Shamsa medallions were decorative illuminated rosettes used most frequently as frontispieces in books, especially Korans, where the owner or patron of the book is celebrated by name in the center. They were used particularly in Qur’ans due to the fact that images of animals or people were strictly forbidden and they were an allowable elegant form of decoration for the holy manuscripts. There are many examples to be found in the manuscript arts of the East during the Safavid Persian Dynasty (1501-1722) time frame including those of the Ottoman Turks as well as Indian artists.
This particular shamsa medallion was designed by the hand of another artist, but traced & then illuminated by my own hand with mostly period pigments. This is a very period methodology as the complete production of an illustration could involve many people including painters, assistants, gold-sprinklers, etc (Canby). The design of the medallion is based on an extant piece from Safavid Persia out of the Emperor Akbar’s Khamsa of Nizami circa 1580-1590. Unfortunately, the photograph of the original shamsa is in black and white but you will find a copy of it depicted in my appendix.
Persian painters mixed a dazzling range of hues utilizing minerals, inorganic and organic materials including but not limited to gold, silver, lapis lazuli, cinnabar, orpiment, malachite, indigo, azurite, verdigris, vermillion, red and white leads, red-brown iron oxide, carmine from the kermes insect, carbon and some unidentified plant dyes (Canby). However, in Persian Painting, Canby shares that expense and availability of materials dictated the choice of pigment types so substitutes for various pigments was not uncommon. I mixed my own period hues by combining a small amount of water & my pigments with gum arabic, which in the late 16th century Persian painters adopted as a binding medium (Canby). I used a ratio of 2 parts pigment to 1 part gum arabic & enough water to muddle. Please find a table of colors, period material and my own materials in my documentation.
How this piece was illuminated
"In Iran, the hair particularly favoured for artists’ brushes was that of long-haired white cats which were especially bred for the purpose, but squirrel hair was also used. The hairs were tied into a bundle and then fitted into a quill, preferably one taken from a wing of a pigeon (Titley)." I have utilized modern paint brushes for this purpose for a variety of reasons including time, cost, efficiency and the unfortunate happenstance that my cat happens to be short-haired.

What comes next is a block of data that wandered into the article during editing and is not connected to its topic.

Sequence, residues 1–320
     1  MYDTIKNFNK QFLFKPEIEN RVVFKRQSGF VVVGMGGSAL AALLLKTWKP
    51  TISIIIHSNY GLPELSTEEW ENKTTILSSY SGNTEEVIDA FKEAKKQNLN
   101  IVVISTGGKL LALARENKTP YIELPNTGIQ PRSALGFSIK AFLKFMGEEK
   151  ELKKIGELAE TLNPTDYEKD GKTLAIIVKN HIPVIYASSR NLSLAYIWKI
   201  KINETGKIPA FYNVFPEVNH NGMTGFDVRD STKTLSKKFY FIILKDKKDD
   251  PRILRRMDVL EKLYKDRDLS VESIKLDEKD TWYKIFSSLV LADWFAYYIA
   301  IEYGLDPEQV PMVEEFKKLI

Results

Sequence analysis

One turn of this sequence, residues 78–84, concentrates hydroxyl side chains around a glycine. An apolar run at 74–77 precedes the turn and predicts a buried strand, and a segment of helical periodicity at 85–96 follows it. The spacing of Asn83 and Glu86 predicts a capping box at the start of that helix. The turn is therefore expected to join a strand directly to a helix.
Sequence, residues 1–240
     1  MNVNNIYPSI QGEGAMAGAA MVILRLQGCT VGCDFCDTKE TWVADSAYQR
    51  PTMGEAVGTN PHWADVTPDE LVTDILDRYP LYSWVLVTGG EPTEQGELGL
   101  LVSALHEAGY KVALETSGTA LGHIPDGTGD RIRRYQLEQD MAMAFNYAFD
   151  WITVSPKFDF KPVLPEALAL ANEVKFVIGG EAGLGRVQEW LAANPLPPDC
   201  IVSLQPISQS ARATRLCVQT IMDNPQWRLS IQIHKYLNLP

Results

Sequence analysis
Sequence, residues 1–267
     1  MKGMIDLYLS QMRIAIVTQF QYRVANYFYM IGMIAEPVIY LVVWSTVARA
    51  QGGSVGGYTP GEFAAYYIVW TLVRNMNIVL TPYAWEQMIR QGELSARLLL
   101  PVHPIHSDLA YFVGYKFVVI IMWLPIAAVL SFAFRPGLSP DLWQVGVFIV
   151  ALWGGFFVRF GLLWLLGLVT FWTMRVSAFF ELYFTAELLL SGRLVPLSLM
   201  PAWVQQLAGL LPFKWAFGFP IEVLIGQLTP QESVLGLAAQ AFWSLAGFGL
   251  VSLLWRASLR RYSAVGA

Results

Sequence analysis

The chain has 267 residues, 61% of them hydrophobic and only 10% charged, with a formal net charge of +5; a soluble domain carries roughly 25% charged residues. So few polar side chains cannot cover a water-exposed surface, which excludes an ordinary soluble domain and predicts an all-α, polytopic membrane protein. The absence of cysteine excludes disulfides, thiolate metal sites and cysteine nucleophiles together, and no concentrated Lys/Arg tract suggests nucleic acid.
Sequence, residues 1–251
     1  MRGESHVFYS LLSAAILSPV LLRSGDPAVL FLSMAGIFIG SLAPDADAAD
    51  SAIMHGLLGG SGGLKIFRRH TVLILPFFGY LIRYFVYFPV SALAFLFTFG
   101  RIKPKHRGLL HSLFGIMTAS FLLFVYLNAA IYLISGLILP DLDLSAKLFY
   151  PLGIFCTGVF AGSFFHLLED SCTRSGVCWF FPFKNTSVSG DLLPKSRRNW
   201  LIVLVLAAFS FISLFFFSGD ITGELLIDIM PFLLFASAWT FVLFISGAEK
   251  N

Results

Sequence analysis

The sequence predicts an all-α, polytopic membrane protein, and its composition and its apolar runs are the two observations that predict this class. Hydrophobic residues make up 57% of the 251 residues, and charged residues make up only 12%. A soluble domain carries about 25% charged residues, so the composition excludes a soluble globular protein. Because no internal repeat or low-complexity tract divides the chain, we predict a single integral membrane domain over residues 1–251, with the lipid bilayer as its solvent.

I inspected the hue combinations used in a variety of shamsas illuminated in Safavid Persia as well as Ottoman Turkey to determine what the medallion should look like. Some of these examples included shamsas 1 and 3 as seen in this documentation as well as the original extant piece from Emperor Akbar’s Khamsa of Nizami. The original I studied from is a black and white photograph which only lends itself to showing whether light or dark shades were used in each area of the piece. While this made illuminating the piece challenging, it also allowed me more creativity with my color choices. I chose to use the lapis lazuli and gold ochre as my base colors and utilized the glauconite, hematite, carbon black, turquoise green mix and permanent white for accents as well as shading.
Baker, Amy. "Common Medieval Pigments". Austin, TX. 2005
Canby, Sheila R. Persian Painting. Trustees of the British Museum. London, UK. 1993
Matthews, Rory. "Illustrations from the Padshahnama c.1630-40". The Royal Collection Royal Palaces, Residences and Art Collection. 2006 Her Majesty Queen Elizabeth II. 7 June 2007. http://www.royalcollection.org.uk/eGallery/object.asp?detail=scrapbook&…
Titley, Norah M. Persian Miniature Painting. First University of Texas Press. 1984.